Why I Hate Hiking in Northern Virginia

The short answer: Because I’ve hiked in Colorado.

Long answer: I would like to make the case that there is no hiking in Virginia.

I know you AT thru-hikers will protest, but there is a difference between walking outdoors and hiking.

If you think you are “hiking” in Virginia, you have never hiked in Colorado (or pretty much any state in the west) or somewhere the rewards are great than just being outside and moving your feet.

So maybe that makes my position entitled — I lived somewhere great hiking is taken for granted — but east coasters have their own entitlement issues (that’s the only reason anybody lives here?) so I think it’s fair to counter-argue that living here sucks if you’re an outdoorsy person.

If you live in Washington, D.C., and want to find a hike with a view (that isn’t urban) you have to be willing to travel — and I have. I have also done several of the hikes that come up when you search “day hikes near D.C.”

Have I done Old Rag? Did it. Have I been to Shenandoah? Of course. Have I seen Great Falls and Sky Meadows?

Did those. The ratio of effort to payoff was a disappointment for all of them.

Hiked Sugarloaf “mountain” and in Harper’s Ferry and Purcellville, too — more on those later.

While I don’t discourage my fellow outdoorsy transplants from attempting the same quest to find the kind of soul-nourishing hiking I was used to here (if you find success, let me know!) — I would encourage you to lower your expectations.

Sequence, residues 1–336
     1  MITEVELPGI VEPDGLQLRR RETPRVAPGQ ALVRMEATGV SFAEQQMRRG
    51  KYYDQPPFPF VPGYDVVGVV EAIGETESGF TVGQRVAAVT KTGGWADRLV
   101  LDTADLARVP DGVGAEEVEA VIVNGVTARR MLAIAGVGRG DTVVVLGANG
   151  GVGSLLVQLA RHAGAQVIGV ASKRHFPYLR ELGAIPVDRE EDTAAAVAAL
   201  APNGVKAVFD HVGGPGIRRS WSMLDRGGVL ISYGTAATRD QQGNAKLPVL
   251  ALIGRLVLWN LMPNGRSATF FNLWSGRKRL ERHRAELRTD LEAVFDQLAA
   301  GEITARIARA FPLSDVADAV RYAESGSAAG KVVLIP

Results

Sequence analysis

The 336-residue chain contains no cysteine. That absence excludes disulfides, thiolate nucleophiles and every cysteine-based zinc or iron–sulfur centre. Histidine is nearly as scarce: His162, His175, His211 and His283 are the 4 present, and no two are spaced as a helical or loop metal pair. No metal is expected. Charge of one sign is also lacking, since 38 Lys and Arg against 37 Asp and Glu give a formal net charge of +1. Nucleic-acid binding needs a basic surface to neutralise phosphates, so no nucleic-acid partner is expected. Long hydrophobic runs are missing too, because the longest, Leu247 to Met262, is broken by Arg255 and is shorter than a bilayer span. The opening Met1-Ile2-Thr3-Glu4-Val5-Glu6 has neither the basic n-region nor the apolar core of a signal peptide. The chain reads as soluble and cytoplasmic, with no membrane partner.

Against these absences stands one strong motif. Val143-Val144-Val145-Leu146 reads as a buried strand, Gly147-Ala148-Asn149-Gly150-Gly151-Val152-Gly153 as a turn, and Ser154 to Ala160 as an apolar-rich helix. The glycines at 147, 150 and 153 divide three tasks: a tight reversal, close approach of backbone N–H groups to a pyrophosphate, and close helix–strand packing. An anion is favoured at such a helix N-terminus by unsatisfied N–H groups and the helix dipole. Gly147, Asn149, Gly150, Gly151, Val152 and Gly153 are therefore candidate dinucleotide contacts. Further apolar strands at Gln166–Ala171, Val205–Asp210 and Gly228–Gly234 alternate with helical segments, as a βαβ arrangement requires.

I’m compiling my own attempts here.

First and the reason I finally tipped over the edge and decided to write this blog: Scott’s Run Nature Preserve. This comes up on a list of rewarding “hikes” near D.C. compiled by the state of Virginia. I drove to it — about half an hour from me away — without much hope for Virginia hiking but with a desperate need to get out into nature. I passed a lot of enormous houses with Christmas trees waiting to be taken away on their curbs. If this was Colorado, high property values would be promising for hiking prospects. In Virginia, it just means people have an off-street option to walk from their mansion to the highway.

Do not, I beg you, drive to this trail (and not just because Google will mislead you). You can find a closer local trail to walk your dog on — and that’s the only thing this is good for. Admittedly, there is supposed to be a “waterfall” on this trail that I did not see. If you’ve seen one “waterfall” on the Potomac, you’ve seen them all and you might as well just see Great Falls.

I’m not saying there are no paths like this in Colorado. We just don’t call them “hiking trails.” We call them “that dirt path behind your house.”

Here are more examples:

Why I hated hiking Old Rag